Stringent capital control systems can be mostly found in the economies in the developing stage where the reserves for the capital are lower, more prone, and susceptible to volatilities.

Any nation at an initial stage needs to develop the economy to keep the rates of interest low, domestic capital in, and foreign capital out. These steps are generally taken by the developing countries and make effective use of capital.

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These types controls implemented by the government of the country can take various forms. They are as given below:

Exchange Control – This kind of control will put a restriction on the foreign exchange transactions. It may take the form of limiting the buying and selling of currencies that individuals or businesses do. Thus, there will be a restriction on currency conversion.

Transaction Control – This type of capital control systems will put a restriction on the types of transactions like capital movement related to purchase of property and real estate, fund remittance out of the country or capital outflow for investment purpose.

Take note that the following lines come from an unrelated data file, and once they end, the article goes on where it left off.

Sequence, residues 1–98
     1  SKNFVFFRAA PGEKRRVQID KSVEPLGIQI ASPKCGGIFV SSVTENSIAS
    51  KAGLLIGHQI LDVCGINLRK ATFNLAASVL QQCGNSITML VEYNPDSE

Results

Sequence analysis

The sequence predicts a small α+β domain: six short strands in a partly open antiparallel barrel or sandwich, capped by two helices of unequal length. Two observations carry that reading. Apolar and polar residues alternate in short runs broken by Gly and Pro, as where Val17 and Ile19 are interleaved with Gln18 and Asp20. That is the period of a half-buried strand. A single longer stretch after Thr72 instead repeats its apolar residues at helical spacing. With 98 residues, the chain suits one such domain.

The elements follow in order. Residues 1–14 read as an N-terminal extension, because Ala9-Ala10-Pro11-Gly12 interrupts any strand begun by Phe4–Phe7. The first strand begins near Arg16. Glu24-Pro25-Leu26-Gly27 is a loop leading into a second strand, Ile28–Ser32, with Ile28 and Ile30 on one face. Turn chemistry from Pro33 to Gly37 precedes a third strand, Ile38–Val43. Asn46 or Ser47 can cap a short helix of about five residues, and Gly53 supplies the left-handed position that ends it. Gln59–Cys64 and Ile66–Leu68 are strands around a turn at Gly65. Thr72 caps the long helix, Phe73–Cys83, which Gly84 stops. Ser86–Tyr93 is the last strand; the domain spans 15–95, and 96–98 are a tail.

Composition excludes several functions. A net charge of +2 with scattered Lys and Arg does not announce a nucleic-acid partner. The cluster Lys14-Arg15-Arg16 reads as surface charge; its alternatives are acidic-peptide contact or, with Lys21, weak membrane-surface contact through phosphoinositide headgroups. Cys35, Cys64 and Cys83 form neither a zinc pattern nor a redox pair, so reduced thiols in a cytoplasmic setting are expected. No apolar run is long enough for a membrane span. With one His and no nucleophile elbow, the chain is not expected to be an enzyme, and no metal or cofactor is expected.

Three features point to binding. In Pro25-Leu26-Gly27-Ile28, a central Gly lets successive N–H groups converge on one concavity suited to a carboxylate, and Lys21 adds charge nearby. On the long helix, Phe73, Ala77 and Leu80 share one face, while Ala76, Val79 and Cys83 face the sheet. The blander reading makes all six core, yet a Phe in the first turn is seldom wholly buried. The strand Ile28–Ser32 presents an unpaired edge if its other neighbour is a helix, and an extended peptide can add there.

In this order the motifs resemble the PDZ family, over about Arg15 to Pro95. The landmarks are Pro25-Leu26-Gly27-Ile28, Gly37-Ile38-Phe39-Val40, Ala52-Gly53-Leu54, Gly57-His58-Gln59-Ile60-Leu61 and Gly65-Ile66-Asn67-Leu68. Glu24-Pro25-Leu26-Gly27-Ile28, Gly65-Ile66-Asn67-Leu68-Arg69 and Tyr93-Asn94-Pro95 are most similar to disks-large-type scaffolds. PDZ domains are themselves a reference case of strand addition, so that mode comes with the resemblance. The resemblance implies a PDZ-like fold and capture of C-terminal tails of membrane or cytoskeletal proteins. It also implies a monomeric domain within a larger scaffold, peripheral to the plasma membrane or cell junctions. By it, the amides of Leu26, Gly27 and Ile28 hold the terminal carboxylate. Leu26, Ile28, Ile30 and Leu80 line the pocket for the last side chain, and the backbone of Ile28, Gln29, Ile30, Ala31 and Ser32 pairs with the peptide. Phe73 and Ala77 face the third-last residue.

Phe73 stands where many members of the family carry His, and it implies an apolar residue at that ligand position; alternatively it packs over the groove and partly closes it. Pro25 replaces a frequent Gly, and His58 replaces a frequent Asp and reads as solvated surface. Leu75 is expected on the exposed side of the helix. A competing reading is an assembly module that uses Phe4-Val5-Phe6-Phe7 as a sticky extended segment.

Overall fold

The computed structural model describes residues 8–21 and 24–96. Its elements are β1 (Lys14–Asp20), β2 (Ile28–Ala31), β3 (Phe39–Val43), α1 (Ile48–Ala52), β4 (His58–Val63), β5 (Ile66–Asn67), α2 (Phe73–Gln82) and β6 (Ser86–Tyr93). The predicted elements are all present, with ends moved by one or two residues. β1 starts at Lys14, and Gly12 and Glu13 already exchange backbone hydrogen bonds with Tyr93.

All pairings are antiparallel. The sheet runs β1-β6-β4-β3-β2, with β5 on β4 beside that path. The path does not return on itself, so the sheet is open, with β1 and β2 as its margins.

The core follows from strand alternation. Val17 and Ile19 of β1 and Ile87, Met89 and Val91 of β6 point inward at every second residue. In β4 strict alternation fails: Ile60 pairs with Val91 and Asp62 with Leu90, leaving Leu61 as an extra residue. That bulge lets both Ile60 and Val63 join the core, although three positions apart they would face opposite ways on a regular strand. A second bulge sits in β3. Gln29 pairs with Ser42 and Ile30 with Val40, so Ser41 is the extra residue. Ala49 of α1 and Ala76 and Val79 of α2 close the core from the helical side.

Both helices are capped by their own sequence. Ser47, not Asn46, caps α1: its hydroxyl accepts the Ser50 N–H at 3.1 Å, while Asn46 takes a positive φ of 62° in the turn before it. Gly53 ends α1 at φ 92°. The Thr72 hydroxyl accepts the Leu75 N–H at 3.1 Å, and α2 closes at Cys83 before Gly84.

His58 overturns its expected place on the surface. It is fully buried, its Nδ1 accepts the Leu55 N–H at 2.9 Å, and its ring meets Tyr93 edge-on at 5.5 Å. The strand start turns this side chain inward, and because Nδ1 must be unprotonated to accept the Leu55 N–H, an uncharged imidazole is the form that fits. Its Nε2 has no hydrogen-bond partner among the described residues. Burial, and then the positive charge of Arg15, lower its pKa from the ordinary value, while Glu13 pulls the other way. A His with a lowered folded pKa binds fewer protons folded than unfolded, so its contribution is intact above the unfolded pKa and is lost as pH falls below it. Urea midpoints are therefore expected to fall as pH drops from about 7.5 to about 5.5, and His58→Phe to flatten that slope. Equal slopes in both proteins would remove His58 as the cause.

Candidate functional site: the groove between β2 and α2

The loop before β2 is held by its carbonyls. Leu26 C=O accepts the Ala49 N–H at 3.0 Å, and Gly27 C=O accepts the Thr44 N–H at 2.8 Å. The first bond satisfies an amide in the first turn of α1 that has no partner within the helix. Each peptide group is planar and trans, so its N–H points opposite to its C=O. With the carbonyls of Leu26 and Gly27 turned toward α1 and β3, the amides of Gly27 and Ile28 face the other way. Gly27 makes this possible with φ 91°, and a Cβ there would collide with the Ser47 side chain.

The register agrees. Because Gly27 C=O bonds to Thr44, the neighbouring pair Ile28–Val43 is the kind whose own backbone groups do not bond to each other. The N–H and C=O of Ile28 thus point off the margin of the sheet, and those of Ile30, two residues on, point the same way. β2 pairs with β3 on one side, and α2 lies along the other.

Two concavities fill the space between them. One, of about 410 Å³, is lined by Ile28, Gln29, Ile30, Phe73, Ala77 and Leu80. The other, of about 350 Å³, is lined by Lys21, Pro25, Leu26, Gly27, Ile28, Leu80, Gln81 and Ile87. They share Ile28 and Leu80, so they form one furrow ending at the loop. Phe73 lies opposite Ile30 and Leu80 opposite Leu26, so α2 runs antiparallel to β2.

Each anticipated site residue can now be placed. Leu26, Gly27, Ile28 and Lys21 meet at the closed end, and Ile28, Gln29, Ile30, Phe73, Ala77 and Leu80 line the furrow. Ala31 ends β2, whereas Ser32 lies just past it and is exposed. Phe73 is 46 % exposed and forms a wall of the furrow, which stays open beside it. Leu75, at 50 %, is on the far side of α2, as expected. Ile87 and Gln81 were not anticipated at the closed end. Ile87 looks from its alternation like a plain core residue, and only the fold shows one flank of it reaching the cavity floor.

Liquidity control – Here, the government manages the liquidity in the system through methods like imposing or changing the reserve requirements of banks or setting a limit to the amount of loan that banks can give out to borrowers.


Here are some main reasons of implementing the same in the economy.

  • The key purpose is the reduction of the volatilities of the currency rates in the nation. It provides stability and support by protecting the currency rates from sharp movements and fluctuations. Major disturbances or concerns in the capital outflows will quickly depreciate the currency. It could ultimately lead to things getting costly, and import becomes costlier.
  • From the above point it can be derived that through control of currency volatility, the government is also able to put restriction of the speculation of currency. Many investors try to make quick money by speculating on this fluctuating currency and earn money within a very short time. This is highly risky and affects the economic stability if done on large scale.